For me personally, influencer is a largely used term without realising the power the single word carries. You never know who influences you or vice versa. I agree that today a lot of us hold the power to influence a purchase decision of our audience but it’s not foolproof. While there are a number of great influencers and the industry is expanding by the minute, I do have to say, for me it was an extension of what I pursued as an education and career. I started as a features intern at Harpers Bazaar India and went on to become the Digital Editor at Harpers Bazaar Bride India and then Brides Today India

My formative years were spent in fashion editorial and I take great pride in being one of the first few to take it online. Even today content creation for me comes from a bit of an editorial point of view than just following TikTok trends. I might have a smaller niche audience but it’s been a pleasure and both a learning experience to build it and interact with them. I would eventually like to go back behind the scenes while keeping a presence online.

Rasna Bhasin

3 things Rasna Bhasin can’t live without…

Her phone
Friends and family

What would you say is your crowning achievement so far?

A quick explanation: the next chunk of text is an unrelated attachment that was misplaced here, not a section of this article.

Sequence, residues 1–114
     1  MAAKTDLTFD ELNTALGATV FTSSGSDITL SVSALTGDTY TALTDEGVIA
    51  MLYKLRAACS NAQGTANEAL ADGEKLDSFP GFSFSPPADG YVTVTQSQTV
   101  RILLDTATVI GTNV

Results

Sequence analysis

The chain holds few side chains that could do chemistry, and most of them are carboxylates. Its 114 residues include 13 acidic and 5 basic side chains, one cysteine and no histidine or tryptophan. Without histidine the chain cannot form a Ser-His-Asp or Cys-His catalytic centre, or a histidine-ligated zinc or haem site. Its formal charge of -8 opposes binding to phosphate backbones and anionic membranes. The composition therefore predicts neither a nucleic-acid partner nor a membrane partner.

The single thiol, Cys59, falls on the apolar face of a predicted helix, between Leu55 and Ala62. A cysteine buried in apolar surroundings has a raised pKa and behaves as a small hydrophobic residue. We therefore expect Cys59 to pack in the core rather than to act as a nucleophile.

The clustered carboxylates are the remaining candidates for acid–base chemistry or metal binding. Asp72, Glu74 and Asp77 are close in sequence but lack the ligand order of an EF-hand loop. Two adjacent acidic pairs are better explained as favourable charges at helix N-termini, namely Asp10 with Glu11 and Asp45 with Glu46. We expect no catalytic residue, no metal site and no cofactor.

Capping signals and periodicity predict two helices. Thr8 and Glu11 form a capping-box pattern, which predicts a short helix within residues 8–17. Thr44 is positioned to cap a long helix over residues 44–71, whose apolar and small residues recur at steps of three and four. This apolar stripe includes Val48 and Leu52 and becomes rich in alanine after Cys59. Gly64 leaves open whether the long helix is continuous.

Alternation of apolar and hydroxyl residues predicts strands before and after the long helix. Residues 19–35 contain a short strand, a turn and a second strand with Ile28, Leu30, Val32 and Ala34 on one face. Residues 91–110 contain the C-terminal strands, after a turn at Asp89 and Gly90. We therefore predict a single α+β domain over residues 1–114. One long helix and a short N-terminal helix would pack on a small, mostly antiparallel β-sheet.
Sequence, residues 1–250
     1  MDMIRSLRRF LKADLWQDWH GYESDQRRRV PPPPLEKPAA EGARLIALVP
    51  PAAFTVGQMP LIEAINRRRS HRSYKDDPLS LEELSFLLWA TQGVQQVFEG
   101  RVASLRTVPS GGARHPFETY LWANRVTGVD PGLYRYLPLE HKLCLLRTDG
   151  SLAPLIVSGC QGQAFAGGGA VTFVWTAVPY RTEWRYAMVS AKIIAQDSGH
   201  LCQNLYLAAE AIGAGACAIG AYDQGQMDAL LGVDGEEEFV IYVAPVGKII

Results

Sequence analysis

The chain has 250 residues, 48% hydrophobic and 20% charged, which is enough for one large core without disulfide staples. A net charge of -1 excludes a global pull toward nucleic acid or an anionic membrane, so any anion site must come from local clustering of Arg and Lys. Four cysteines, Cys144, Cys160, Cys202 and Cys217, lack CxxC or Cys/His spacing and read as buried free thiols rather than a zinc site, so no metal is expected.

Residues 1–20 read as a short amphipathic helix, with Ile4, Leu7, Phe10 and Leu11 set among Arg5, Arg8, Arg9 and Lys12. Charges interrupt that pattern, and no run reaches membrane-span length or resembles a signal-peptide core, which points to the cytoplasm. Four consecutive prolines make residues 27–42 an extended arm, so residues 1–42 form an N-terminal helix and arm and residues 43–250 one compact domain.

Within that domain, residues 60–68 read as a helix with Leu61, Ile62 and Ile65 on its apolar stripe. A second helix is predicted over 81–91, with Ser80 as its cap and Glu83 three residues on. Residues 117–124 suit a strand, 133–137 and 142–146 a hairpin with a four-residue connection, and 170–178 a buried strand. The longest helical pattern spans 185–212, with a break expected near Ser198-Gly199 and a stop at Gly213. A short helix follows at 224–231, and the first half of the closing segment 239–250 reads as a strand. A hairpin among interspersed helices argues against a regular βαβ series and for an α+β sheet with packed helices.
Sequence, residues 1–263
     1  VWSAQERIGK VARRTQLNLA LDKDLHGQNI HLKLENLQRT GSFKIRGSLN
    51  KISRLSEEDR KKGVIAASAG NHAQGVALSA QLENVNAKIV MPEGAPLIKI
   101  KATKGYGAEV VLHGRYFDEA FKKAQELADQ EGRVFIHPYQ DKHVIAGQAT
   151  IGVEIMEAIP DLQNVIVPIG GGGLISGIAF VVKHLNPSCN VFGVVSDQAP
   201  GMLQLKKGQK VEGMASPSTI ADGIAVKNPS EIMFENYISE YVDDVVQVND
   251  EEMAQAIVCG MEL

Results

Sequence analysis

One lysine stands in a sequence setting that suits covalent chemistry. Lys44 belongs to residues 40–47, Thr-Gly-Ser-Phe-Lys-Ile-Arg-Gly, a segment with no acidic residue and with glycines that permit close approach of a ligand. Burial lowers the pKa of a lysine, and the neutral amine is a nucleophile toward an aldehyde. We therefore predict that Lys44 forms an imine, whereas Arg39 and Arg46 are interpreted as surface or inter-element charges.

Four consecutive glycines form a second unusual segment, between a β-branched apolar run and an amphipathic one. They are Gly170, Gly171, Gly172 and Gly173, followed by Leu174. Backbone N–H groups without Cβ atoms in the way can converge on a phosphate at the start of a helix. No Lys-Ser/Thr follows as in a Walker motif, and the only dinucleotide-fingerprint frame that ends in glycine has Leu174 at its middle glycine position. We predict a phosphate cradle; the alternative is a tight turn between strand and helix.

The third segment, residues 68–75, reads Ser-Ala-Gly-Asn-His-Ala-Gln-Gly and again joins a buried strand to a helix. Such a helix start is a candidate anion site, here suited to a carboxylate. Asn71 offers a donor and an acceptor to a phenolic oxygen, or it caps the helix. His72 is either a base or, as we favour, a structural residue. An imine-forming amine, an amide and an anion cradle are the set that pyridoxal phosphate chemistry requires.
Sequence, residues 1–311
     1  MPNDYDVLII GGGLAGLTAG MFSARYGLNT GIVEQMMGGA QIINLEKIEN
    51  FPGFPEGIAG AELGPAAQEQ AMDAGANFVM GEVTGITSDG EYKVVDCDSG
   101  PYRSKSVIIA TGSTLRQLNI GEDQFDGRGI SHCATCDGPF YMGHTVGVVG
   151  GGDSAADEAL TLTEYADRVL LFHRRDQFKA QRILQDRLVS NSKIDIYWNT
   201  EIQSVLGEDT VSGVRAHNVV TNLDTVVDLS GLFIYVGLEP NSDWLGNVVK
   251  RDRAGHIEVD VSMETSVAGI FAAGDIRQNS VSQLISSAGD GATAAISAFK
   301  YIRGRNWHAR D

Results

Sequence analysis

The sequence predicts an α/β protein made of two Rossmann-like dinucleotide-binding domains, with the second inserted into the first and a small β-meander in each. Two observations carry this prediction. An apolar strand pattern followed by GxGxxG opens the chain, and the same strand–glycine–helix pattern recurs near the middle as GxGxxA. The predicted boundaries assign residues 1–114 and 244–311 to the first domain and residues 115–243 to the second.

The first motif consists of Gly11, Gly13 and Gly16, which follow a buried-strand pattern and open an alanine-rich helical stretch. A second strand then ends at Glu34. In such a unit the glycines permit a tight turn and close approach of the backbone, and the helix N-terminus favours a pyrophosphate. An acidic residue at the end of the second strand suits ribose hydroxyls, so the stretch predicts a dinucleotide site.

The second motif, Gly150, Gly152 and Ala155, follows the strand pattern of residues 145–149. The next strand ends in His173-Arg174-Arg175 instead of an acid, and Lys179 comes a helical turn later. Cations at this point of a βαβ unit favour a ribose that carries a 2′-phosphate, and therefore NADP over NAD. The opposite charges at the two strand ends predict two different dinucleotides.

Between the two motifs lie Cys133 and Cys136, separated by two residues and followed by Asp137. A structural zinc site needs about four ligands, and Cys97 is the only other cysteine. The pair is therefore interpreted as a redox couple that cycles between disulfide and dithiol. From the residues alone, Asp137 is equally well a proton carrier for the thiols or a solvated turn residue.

Not many know but I was approached by Vogue for a huge role in 2021, and interviewed with Anna Wintour. It was both a surreal experience and honour. It also helped me validate myself. I didn’t end up getting the job but just the fact that she considered me, reached out, and took out time to interview me and interact with me over the few months remains a personal achievement. For me, she’s literally the first woman of fashion – semi goddess and I’m a huge fan when I met her last year on her trip to India and the fact that she remembered who I was  – that is a moment I shall never forget. Also being the youngest digital editor for a leading fashion magazine and kickstarting their digital journey comes a close second.

Has the Instagram algorithm made a negative impact on the industry? And what are three things you would want to change about the it?

The algorithm and I are at perpetual war. I really don’t understand it anymore and I don’t really let it affect me. I tried adapting to trends to see if it would bring in a change but giving into the algorithm trends also meant compromising who I was. I have been extremely lucky that brands work with me for the quality of my content and the audience that reciprocates.